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U.S. Offshore Natural Gas, Oil Infrastructure Said Under Increasing Cybersecurity Threats
Cybersecurity risks to offshore oil and natural gas facilities such as those from state actors and cyber criminals are on the rise.
In a new report, the U.S. Government Accountability Office (GAO) said the federal government has identified the oil and gas sector as a target of malicious state actors. Exploration and production (E&P) operations today require reliance on remotely connected operational technology, and this is vulnerable to cyberattack.
Potential impacts could “resemble those that occurred in the 2010 Deepwater Horizon disaster. Disruptions to oil and gas production or transmission could also affect energy supplies and markets,” GAO researchers said.
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BP plc’s deepwater Macondo well explosion in 2010 killed 11 men, destroyed the Deepwater Horizon drilling rig and led to the largest oil spill in U.S. history. An extensive investigation by BP and federal officials found that Macondo’s blowout preventer had failed, and that there were safety lapses.
Despite the Department of the Interior’s Bureau of Safety and Environmental Enforcement (BSEE) long recognizing the need to address cybersecurity risks, little has been done, according to the GAO report. In 2015 and 2020 BSEE initiated efforts to address cybersecurity risks, but neither resulted in substantial action.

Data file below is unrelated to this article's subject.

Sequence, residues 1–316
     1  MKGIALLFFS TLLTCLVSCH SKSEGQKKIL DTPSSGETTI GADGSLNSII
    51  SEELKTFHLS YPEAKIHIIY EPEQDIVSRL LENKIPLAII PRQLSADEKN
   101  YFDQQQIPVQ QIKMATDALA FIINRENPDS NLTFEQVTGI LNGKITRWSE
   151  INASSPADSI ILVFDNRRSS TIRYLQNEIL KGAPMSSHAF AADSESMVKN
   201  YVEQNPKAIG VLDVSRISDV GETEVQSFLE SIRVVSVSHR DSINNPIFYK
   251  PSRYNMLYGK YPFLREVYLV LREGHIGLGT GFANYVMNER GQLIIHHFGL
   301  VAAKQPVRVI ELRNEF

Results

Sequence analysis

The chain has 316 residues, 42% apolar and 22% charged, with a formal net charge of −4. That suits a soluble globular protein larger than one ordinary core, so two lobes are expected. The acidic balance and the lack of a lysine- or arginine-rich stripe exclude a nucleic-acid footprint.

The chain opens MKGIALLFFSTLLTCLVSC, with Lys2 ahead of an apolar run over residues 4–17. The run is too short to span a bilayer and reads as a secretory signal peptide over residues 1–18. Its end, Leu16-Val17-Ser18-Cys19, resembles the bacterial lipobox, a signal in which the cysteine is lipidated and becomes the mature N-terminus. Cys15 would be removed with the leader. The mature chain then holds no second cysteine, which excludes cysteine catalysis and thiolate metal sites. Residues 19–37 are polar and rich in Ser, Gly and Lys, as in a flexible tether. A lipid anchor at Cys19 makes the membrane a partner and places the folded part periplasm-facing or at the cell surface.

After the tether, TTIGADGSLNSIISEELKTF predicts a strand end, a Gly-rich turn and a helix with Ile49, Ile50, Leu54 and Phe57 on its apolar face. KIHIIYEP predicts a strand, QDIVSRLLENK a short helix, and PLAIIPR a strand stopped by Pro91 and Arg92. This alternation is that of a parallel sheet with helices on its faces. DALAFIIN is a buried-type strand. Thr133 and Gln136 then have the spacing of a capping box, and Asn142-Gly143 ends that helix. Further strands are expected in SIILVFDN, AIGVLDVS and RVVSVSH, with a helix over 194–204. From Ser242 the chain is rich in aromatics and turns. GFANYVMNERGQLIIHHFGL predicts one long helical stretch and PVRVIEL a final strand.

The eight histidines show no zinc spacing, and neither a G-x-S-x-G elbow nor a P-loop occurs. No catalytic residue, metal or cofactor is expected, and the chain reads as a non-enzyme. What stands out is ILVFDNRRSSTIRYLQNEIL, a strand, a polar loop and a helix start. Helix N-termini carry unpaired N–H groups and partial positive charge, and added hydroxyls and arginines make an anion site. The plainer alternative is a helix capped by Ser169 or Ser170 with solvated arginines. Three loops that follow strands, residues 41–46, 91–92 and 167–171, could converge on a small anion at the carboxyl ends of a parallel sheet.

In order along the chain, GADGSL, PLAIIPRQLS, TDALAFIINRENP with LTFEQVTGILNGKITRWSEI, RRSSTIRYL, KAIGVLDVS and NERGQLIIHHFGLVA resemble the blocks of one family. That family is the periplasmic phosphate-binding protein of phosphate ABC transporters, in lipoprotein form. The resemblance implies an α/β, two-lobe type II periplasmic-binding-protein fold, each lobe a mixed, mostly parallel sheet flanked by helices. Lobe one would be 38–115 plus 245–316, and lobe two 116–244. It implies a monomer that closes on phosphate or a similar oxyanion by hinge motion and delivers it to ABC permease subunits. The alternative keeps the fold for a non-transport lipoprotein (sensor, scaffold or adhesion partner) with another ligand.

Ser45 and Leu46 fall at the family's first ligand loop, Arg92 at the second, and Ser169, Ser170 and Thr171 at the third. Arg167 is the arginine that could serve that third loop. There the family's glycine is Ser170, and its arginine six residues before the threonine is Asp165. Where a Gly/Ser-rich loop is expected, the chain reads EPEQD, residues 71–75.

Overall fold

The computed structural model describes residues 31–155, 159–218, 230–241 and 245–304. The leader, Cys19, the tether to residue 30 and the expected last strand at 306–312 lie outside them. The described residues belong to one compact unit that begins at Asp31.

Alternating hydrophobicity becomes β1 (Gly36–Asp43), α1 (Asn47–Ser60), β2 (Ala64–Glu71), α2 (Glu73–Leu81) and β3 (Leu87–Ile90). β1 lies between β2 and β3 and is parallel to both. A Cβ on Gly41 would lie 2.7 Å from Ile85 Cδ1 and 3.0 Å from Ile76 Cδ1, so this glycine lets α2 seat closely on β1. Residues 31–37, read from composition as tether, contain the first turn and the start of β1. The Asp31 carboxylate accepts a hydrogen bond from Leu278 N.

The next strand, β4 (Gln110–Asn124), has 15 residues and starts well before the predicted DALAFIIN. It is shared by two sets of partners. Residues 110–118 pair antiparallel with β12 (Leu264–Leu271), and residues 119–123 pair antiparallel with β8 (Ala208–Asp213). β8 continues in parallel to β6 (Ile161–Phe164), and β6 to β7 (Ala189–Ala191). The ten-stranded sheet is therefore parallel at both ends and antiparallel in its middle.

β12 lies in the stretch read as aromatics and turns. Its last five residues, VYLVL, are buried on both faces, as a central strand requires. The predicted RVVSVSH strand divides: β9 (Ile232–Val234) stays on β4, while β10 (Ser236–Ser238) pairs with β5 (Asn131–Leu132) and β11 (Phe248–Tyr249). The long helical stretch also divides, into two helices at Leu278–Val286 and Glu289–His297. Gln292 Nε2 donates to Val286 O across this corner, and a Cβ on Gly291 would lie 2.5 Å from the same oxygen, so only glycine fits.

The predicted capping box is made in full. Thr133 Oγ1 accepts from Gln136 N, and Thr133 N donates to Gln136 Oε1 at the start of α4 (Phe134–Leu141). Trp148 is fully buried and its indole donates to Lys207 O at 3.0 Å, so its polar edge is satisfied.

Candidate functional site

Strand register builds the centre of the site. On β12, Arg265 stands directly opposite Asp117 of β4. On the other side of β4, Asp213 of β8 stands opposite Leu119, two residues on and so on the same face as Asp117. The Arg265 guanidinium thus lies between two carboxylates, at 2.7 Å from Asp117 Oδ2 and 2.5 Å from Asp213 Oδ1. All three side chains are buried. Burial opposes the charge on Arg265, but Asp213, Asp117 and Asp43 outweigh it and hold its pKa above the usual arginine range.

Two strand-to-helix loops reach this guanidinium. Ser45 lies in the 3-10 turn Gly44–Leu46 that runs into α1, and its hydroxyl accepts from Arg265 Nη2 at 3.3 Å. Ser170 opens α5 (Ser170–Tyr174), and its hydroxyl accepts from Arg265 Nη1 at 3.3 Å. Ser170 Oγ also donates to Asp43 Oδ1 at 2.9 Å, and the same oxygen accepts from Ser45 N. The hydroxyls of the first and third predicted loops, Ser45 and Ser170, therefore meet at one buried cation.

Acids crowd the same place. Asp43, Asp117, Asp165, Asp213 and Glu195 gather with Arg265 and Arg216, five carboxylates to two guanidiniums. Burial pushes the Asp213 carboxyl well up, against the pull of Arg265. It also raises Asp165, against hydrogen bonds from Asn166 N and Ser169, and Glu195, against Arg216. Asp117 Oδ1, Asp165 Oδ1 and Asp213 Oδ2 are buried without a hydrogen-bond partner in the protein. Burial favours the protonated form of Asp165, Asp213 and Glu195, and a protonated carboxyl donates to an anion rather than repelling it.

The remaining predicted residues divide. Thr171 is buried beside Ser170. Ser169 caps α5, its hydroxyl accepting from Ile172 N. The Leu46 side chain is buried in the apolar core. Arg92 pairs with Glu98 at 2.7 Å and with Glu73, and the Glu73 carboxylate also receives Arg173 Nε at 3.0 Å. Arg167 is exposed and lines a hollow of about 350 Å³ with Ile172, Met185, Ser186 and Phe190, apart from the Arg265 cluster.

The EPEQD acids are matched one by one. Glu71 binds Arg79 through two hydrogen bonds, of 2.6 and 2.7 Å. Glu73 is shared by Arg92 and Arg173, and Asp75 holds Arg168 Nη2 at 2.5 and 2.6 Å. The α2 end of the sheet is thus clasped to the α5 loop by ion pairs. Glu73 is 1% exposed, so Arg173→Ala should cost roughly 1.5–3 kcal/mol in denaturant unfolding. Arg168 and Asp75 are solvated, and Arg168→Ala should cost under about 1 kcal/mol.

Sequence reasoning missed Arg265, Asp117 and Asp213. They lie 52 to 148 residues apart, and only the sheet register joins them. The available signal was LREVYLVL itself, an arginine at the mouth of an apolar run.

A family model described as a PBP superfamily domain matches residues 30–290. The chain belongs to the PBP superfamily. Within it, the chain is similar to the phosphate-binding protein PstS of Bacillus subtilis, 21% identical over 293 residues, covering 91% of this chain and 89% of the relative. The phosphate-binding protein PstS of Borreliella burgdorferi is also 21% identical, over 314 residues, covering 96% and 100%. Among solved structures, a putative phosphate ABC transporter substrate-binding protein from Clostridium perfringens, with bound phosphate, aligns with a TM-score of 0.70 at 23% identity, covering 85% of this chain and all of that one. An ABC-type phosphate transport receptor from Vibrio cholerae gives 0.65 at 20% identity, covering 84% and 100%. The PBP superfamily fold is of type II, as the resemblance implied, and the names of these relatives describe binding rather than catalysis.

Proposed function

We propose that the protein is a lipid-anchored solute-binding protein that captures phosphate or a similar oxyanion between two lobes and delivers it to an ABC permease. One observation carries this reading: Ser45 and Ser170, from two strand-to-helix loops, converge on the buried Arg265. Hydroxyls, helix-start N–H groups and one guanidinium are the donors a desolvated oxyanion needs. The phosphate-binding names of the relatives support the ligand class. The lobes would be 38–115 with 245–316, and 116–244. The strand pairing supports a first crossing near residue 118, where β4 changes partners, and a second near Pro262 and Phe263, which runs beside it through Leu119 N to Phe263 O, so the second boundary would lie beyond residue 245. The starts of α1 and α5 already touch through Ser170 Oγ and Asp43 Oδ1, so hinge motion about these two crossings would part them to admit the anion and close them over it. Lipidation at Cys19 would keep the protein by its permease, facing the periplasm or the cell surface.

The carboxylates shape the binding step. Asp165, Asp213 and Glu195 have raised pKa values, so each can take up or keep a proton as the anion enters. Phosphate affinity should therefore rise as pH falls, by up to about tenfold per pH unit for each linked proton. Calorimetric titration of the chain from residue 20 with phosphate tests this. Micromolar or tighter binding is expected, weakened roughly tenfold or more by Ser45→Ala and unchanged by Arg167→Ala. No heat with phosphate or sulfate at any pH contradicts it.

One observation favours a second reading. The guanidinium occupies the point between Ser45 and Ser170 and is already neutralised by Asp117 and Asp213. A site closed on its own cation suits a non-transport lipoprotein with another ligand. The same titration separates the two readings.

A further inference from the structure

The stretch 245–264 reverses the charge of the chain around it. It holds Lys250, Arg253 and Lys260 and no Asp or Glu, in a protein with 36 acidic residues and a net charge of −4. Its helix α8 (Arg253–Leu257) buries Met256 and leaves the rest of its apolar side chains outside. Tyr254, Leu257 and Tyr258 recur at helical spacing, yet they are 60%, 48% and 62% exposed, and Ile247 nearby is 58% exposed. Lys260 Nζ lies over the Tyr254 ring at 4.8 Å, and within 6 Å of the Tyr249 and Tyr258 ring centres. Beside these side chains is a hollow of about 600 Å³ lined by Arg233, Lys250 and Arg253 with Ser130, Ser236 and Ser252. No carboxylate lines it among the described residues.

Earlier this year, BSEE hired a cybersecurity specialist to lead a new initiative. However, bureau officials said it will be paused until the specialist is adequately versed in the relevant issues.
“Absent the immediate development and implementation of an appropriate strategy, offshore oil and gas infrastructure will continue to remain at significant risk,” the GAO researchers said.
In undertaking the report, GAO reviewed federal and industry reports on offshore oil and gas cybersecurity risks, and interviewed officials from agencies with offshore and cybersecurity responsibilities. It also obtained the perspectives of nonfederal stakeholders representing the offshore oil and gas industry.
Last year, Colonial Pipeline Co.’s servers were hacked in a prime example of energy infrastructure vulnerabilities. The attack forced the 5,500-mile pipeline to shut down the main lines of its system, which supplies about 45% of the East Coast’s gasoline, diesel and jet fuel.
Colonial reportedly paid hacking group DarkSide, a criminal ransomware group based in Eastern Europe, $5 million in untraceable cryptocurrency for a decrypting tool to restore the company’s IT network.
The report said that “GAO is making one recommendation: BSEE should immediately develop and implement a strategy to address offshore infrastructure risks. Such a strategy should include an assessment and mitigation of risks; and identify objectives, roles, responsibilities, resources, and performance measures, among other things. In an email, we were informed that Interior generally concurred with our findings and recommendation.”
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